Social media – the mental health of teenagers

By Georgia Coates, work experience, Esher college.

This blog will look at both sides of the argument and attempt to answer the question: does social media lead to a decline in the mental health of teenagers?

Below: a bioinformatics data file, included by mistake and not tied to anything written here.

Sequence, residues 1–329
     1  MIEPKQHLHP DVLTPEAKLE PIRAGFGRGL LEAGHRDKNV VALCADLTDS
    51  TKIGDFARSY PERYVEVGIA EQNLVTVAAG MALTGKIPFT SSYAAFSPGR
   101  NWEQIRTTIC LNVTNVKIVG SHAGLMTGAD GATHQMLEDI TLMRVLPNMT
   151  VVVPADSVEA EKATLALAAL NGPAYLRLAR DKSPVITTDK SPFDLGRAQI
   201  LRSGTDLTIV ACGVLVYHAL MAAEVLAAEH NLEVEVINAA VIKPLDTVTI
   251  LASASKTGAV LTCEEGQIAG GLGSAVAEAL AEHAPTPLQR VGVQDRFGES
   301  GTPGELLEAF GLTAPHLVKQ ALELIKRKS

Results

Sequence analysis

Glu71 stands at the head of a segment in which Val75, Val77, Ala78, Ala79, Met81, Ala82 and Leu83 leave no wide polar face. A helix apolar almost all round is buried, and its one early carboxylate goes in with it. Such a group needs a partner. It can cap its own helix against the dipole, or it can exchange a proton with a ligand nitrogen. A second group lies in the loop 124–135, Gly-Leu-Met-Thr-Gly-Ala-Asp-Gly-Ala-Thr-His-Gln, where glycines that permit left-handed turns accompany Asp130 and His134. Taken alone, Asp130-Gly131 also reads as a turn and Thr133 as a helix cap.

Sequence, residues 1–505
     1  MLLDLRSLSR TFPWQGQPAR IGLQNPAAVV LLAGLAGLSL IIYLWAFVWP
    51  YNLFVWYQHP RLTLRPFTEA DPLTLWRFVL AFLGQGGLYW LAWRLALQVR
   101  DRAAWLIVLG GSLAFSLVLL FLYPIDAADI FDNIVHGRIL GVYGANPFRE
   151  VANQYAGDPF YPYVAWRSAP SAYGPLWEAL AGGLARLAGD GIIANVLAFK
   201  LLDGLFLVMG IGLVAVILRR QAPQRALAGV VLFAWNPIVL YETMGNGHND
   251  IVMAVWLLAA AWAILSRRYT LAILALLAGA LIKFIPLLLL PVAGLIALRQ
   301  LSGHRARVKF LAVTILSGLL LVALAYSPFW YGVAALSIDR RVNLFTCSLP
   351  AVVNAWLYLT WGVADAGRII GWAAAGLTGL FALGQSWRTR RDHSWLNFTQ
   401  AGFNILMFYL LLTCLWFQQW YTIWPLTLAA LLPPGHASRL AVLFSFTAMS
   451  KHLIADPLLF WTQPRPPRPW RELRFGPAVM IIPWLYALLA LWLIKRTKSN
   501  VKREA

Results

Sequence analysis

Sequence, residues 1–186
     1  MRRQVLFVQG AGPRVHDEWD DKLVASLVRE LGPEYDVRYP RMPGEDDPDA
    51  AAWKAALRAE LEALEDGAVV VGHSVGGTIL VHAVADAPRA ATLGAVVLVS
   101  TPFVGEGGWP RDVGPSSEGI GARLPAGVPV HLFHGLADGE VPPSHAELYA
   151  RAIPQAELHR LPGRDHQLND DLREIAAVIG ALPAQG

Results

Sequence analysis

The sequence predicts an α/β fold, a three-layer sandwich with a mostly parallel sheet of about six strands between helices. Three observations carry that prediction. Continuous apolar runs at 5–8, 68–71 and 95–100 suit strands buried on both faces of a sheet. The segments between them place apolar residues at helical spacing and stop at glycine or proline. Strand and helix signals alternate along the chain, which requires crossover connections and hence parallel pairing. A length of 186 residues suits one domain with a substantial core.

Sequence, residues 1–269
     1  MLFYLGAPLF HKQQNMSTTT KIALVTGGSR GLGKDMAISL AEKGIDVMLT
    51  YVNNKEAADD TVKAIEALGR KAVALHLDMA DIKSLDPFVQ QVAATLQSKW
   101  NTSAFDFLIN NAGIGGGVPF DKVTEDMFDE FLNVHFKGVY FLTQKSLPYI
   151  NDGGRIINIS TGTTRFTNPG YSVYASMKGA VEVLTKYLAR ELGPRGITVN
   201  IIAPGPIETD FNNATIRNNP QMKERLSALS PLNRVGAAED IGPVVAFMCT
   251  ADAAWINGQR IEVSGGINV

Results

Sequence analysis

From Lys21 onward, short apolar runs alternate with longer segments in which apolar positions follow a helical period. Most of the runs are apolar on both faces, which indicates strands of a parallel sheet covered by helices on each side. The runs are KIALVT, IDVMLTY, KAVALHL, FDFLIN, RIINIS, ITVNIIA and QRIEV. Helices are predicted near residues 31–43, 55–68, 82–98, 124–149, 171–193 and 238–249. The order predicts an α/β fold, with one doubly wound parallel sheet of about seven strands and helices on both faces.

Firstly, I feel the largest problem (and the inspiration for this blog) with social media is that teenagers are self-diagnosing themselves with mental health conditions without seeking specialists. ‘Comprehensive Psychiatry’ published a paper arguing that the TikTok videos of people giving detailed descriptions of their tics, symptoms and eating disorders have influenced the thought processes of teenagers, especially younger ones. There’s a hidden niche of Twitter, referred to as EDtwt (Eating disorder twitter) where people post their weight-loss tips, stories about their experiences, and what they call ‘thinspo’ – slender people, predominantly women, who others wish to look like. Exposure to these not-so hidden sides of social media surely infect the minds of impressionable teenagers and therefore can explain the fact that hospital admissions for eating disorders have increased by 84% in the last five years (according to the Royal College of Psychiatrists). Of course, the photoshopped Instagram photos don’t help this image of insecurity, with girls making their waists impossibly small for children to envy. On top of this, there are many ‘pseudo-therapists’ on TikTok who attempt to diagnose their watchers – making jokes, listing vague symptoms and suggesting a disorder with no one-to-one discussion or psychological training (An example: making a video about how being easily distracted probably means one has ADHD, and therefore influencing people into believing they have this without seeking medical advice). Viewpoint Center make an excellent point in their article on the same topic, mentioning that teenagers overestimate what is expected of them, using the example that a younger person may believe that, because they’re socially awkward with people they don’t know, they must have social anxiety. Overall, this phenomenon is dangerous because the excessive categorising of oneself can lead to a very real manifestation of these symptoms – as is indicated by the ‘Self – Fulfilling Prophecy’.